The Classic Type:
Major diagnostic criteria
Hyperextensibility of the skin
Widened atrophic scars
Can lead to osteoarthritis in the 3rd or 4th decade
Poor wound healing
½ of affected individuals are delivered up to 1 month premature due to premature rupture of fetal membranes
Some have cardiac abnormalities
Mitral valve prolapse
Aortic root dilation with occasional rupture
Pes planus (flatfoot)
Molluscoid pseudotumors (calcified hematomas) may be associated with scars
Autosomal dominant single-gene disorder
A major cause is mutations in type V collagen
At least 3 loci are involved
Thickened collagen fibrils in skin as well as "cauliflower" deformities of collagen fibrils
Mutations in COL5A1 and COL5A2 have been seen in some families
No biochemical or molecular based testing methods have been devised to provide reliable results
Sounds very yucky really, however my case is classed as "mild" even though I have many of these characteristics.
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Wednesday, January 28, 2009
If my beautiful Mother had one thing to describe finally being pregnant with me, it was this...."I was beside myself". She had waited 7 years and I finally arrived. If only she knew the amount of hospital visits, doctor visits and worry I had in store for her.
You see it all come out in 'the wash' the day my mother took me to her regular plunket visit. The Plunket Nurse had said to my mother "It seems very strange that your child has these bruises". I had finger prints all over my small frame from just my mother picking me up for some love. She went on the tell my mother that she would need to discuss this with someone else. Well that someone else was Social Services and my mother again was 'beside herself', she still refers to it as "The Worst Day of Her Life!" They asked a myriad or questions and all my mother could say was "I waited 7 years to have her". You see I have 2 older sisters and obviously the lack of EDS in them meant they never had bruises, so they left satisfied with my mother crying. Mum then made a speedy doctors appointed.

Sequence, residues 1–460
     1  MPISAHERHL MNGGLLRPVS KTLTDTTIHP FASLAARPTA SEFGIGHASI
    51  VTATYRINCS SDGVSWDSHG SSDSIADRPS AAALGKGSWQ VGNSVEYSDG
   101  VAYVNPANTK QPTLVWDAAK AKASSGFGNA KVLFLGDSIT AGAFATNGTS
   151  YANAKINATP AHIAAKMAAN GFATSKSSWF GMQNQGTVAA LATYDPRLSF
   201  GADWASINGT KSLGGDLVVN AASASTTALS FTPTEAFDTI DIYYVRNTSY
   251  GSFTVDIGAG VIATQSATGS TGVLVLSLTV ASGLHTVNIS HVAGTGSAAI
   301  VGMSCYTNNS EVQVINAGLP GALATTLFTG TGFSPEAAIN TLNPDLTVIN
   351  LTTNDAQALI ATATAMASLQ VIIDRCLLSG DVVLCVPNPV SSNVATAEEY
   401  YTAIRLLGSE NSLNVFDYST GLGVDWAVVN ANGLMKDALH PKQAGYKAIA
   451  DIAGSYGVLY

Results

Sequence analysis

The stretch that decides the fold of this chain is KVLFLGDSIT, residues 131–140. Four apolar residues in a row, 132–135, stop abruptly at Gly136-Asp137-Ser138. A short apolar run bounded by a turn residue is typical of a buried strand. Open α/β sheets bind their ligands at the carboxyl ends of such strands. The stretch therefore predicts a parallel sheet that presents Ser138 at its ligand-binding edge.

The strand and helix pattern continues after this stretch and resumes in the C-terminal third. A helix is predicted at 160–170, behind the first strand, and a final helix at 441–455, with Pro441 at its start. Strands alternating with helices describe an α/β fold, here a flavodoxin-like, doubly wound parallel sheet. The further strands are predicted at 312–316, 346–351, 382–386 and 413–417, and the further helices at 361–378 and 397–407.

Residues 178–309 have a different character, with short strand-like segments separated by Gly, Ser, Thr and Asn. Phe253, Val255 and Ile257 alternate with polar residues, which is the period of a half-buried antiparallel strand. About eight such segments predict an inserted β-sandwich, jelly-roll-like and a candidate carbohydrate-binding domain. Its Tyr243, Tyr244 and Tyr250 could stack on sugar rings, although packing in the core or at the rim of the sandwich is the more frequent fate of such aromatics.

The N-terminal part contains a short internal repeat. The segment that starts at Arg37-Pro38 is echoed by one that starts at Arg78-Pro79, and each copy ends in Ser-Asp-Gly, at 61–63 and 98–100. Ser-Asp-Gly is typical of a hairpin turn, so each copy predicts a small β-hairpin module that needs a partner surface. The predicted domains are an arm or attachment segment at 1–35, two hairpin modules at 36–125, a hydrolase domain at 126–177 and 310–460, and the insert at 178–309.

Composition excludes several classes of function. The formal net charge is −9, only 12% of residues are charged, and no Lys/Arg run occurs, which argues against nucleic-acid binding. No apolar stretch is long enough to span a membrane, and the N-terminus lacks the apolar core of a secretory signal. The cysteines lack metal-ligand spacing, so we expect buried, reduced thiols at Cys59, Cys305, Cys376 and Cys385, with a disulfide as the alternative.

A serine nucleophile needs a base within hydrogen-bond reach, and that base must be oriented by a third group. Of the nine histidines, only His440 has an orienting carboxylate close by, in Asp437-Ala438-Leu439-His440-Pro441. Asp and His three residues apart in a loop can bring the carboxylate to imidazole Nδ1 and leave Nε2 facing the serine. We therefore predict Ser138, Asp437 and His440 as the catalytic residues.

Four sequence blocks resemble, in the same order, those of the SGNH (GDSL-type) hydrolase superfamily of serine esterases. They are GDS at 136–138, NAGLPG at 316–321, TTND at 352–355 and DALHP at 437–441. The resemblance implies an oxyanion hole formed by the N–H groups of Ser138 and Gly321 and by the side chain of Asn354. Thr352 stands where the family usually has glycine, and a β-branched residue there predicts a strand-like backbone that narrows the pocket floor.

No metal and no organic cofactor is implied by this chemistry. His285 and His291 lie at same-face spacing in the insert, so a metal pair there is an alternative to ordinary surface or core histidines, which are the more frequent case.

Good old Dr Greenfield and I would become 'Kindred Spirits', but the day my mother took me to him was the start of many hospital visits. Dr Greenfield contacted Auckland Hospital and Dr Gluckman was to be the man who discovered what I had. He took one look at me and within a moment of pulling at my velveteen skin he told the nurse...."We've got one, don't tell anyone, we've got an Ehlerlos Danlos Syndrome in New Zealand!" I was the first one and I believe I appear in some dusty medical journals somewhere in a Medical Library in Auckland.
Well you can imagine my Mothers reactions, it wasn't of worry at this point, it was of great relief that she was not a 'child beater' and you guessed it, she marched back to the Plunket Rooms in Howick, waving the piece of paper of evidence, 'SHE DID NOT HURT HER BABY'. Then the truth sunk in, no ones life was going to be straight forward anymore.
37 years ago there was hardly any medical knowledge of EDS but this is not the case today. However, saying that still doesn't prepare myself or my gorgeous son the freedom to have an accident, go see a doctor, say my EDS speel and for every single doctor to stare back at me with the "What the hell are you talking about" face. Once you begin to explain it, they will then use the "Yes it looks like I am listening to you...but I'm not".
I really wanted to start this Blog just to say that "I am here"! I am living EDS everyday, I have Classic EDS (Type 2) and it is not all 'doom and gloom' like you see on 'youtube'! It's okay living with EDS, it can be painful, annoying and just a pain, but I don't know anything different, so this is my life and it's a lovely one!
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